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Published on November 23, 1998

EXCITEMENT BACK AT TANA SHOW

It seemed like old times. I heard that repeatedly as I roamed the miles of exhibits at this year's International Tire Expo '98/Specialty Equipment Market Association trade show in Las Vegas. For once, no one was complaining about poor attendance or too few exhibitors.

Instead, I heard lots of groans about tired feet from tire dealers and others struggling to see everything on display.

This year's SEMA/ITE trade show, part of the huge Automotive Aftermarket Industry Week, was just what the Tire Association of North America needed.

Showgoers mobbed exhibit aisles, gleaming displays commanded attention and exhibitors and attendees alike looked happy as they worked the giant trade show floor.

What a difference a couple years make.

It was only 12 months ago that TANA was hoping to revive its ailing exhibition after merging it with SEMA's, following a disastrous 1996 trade show in Atlanta.

Attendance had been declining in recent years and exhibitors were clamoring for change.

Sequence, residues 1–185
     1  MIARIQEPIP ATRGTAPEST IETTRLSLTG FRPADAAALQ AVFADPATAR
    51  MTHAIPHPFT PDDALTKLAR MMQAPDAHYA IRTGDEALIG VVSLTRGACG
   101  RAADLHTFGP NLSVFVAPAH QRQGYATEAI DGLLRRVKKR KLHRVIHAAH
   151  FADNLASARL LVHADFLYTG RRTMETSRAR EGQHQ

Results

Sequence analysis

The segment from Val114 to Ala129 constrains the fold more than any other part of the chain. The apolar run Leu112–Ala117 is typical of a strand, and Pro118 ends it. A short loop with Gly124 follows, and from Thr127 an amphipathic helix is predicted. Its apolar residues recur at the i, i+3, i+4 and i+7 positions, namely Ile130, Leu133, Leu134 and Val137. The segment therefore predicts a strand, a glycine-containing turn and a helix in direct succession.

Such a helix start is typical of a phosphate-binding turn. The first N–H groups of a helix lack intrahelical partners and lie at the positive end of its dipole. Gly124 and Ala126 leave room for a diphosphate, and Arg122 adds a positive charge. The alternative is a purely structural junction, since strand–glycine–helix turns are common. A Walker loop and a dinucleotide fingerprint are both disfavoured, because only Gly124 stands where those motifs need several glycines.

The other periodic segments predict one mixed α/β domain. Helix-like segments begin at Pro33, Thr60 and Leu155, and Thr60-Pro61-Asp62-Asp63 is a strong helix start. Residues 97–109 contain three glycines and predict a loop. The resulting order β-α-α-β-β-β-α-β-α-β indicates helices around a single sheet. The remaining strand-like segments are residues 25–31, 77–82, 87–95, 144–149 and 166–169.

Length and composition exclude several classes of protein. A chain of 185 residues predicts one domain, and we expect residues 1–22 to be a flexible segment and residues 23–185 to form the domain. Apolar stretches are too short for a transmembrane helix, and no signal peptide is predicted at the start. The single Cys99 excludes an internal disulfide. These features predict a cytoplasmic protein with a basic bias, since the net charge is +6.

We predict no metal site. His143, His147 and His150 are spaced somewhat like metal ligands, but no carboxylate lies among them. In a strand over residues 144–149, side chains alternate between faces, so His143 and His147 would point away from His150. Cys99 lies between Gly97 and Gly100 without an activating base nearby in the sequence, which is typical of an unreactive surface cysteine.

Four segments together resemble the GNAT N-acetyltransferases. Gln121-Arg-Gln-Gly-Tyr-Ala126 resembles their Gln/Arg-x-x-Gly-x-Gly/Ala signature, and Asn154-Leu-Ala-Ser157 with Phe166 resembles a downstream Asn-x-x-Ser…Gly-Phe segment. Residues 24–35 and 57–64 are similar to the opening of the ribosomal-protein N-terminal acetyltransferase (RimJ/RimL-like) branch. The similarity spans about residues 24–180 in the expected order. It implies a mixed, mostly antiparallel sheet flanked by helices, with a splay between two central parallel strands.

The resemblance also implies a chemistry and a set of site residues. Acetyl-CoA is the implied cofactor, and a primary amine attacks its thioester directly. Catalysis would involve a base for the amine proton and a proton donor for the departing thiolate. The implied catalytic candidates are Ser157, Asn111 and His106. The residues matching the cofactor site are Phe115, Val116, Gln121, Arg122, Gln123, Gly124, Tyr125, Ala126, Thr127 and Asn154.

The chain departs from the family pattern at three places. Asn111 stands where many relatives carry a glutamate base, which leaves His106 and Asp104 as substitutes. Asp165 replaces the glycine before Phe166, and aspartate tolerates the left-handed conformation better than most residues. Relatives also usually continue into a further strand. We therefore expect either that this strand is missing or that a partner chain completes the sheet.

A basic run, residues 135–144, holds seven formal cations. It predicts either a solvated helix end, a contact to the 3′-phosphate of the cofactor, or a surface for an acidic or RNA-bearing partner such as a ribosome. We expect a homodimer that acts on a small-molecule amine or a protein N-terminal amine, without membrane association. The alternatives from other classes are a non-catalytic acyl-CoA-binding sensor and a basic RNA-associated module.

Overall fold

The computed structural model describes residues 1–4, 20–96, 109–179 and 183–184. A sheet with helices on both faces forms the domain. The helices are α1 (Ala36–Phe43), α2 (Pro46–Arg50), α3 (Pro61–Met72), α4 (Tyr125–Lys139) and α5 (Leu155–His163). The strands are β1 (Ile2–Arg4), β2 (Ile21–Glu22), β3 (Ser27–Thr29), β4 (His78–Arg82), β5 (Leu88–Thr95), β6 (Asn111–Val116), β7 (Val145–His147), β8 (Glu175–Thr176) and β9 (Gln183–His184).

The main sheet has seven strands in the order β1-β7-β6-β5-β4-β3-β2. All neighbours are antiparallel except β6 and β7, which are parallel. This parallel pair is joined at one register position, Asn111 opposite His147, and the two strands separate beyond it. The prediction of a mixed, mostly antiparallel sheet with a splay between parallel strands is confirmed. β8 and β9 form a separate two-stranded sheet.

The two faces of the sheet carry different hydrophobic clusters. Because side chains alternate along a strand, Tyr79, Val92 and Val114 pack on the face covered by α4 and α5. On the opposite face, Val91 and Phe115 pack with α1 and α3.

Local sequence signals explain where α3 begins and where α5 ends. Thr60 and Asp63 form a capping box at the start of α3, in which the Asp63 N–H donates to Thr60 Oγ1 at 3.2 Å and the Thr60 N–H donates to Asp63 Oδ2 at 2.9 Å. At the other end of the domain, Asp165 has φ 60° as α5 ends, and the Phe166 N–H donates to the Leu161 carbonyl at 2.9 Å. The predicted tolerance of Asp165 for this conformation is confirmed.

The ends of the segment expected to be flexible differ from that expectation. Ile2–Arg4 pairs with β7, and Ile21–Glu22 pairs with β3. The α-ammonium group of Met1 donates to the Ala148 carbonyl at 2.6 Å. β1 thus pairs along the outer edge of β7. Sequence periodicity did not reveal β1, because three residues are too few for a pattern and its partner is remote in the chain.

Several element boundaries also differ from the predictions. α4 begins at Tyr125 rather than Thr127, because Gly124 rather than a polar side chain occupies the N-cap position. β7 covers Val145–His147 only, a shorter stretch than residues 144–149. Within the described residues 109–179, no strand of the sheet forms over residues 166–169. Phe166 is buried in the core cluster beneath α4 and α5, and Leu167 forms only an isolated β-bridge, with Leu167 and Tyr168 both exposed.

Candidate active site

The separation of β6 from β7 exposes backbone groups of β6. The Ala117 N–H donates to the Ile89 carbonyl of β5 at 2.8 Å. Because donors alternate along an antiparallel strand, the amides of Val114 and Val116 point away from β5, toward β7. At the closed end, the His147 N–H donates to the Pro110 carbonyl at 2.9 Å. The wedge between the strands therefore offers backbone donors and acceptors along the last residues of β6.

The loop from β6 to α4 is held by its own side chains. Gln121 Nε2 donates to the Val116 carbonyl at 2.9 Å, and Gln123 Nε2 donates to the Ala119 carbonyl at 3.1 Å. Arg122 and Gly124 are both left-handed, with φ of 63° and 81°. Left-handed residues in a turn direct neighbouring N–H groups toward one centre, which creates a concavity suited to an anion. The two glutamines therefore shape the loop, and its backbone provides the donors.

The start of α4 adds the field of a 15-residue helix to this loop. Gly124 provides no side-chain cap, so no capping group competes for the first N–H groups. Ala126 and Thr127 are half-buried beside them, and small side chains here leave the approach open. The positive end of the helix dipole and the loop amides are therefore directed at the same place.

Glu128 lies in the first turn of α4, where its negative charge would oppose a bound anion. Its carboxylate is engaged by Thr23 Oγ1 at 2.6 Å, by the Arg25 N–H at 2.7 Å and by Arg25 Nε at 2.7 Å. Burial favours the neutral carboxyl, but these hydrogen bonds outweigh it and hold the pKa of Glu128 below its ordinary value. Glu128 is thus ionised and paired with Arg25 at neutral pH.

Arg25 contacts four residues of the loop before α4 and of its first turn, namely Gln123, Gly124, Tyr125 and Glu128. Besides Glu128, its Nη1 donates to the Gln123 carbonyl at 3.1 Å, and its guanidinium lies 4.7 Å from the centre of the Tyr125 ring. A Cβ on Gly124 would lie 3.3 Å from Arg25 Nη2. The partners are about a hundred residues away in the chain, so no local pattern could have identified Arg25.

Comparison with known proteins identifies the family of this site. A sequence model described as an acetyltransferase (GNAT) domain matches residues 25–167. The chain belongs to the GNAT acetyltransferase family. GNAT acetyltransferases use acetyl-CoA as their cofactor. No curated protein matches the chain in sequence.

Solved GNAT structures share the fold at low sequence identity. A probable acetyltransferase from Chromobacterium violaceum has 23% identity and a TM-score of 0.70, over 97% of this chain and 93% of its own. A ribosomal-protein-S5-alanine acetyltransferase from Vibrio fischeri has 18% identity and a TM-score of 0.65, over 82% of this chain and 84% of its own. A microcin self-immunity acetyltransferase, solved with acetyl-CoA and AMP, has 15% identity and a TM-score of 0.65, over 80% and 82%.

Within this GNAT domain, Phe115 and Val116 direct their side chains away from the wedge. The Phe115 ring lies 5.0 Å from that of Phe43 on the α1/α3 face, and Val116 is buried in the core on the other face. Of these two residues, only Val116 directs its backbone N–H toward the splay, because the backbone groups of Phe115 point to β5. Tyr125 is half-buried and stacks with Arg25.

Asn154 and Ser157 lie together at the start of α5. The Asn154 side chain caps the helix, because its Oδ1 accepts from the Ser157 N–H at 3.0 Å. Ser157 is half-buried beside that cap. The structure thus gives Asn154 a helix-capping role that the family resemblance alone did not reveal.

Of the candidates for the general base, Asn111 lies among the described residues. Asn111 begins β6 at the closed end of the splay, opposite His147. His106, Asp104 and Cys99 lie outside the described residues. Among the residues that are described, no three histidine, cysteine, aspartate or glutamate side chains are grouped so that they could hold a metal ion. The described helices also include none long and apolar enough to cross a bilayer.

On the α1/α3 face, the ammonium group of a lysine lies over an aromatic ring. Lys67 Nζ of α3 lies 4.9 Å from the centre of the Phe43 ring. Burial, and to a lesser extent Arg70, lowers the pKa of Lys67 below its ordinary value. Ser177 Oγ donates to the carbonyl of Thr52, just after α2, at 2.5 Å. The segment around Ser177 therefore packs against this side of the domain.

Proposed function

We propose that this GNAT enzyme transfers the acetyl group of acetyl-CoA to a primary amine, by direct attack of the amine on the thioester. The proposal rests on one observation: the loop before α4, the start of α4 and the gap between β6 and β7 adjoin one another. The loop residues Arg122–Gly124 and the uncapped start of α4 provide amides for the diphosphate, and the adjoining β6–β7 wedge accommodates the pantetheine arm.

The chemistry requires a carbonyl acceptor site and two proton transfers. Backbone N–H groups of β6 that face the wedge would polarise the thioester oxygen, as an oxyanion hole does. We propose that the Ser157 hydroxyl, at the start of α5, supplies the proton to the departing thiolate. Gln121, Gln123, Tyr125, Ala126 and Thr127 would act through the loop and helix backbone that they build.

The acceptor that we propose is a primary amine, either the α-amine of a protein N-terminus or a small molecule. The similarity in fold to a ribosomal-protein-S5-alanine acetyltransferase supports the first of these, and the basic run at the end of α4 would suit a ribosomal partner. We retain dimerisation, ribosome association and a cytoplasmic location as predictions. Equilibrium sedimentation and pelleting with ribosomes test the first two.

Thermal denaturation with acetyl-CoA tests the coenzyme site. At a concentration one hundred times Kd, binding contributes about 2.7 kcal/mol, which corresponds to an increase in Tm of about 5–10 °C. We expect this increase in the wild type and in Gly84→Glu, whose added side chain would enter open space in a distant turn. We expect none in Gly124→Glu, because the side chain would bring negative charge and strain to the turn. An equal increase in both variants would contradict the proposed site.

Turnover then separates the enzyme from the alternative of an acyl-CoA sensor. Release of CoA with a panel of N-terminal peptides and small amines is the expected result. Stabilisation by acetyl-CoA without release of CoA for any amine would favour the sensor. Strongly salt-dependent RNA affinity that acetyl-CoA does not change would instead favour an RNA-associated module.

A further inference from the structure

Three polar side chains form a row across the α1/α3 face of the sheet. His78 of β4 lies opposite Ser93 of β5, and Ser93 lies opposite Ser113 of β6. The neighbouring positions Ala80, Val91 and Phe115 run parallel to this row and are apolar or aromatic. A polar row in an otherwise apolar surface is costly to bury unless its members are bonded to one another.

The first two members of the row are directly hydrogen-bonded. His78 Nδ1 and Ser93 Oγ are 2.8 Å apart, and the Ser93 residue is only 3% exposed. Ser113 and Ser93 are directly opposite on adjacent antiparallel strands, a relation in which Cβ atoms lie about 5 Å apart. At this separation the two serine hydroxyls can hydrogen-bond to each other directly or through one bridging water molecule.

Following last year's event, which was held in a tent outside the Las Vegas Convention Center, a few doubts may have lingered.

TANA needn't worry anymore.

This year's International Tire Expo was a resounding success.

ITE '98 and its many events were well run and interesting.

The three 7 a.m. breakfast meetings drew respectable crowds.

The TANA staff appeared enthusiastic, in charge and organized.

Most importantly, more dealers attended than the year before, up 13 percent to more than 4,600.

As with any event, this year's show had some weak spots. TANA should address one in particular.

As a small part of a huge event, TANA must find a better way for tire dealer attendees to network.

Conventioners are scattered in hotels throughout Las Vegas. Finding another dealer to talk to on the trade show floor is hit or miss at best.

Yet one of the best reasons for attending the show, any dealer will tell you, is the chance to talk with other dealers.

Creating an area where dealers could meet and rest their legs within the exhibit hall would alleviate this problem while helping keep the tire dealer portion of the show from being swallowed up by SEMA.

TANA should make this issue a priority for 1999.

This suggestion, however, should not overshadow the tremendous strides TANA has made to revive its annual convention and trade show.

The excitement is back. All tire dealers should earmark the 1999 SEMA/ITE show as a must-attend event.

Mr. Zielasko is editor and publisher of Tire Business.

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